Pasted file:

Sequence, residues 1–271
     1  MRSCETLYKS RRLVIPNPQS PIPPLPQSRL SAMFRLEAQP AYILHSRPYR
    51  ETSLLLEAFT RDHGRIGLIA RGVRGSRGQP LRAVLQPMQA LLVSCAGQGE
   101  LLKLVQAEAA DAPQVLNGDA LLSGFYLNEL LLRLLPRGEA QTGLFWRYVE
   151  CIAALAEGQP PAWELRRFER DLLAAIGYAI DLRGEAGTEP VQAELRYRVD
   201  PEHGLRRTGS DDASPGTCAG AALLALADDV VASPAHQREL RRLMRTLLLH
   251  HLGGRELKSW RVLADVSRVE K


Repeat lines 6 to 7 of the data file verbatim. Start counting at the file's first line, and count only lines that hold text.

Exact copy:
   201  PEHGLRRTGS DDASPGTCAG AALLALADDV VASPAHQREL RRLMRTLLLH
   251  HLGGRELKSW RVLADVSRVE K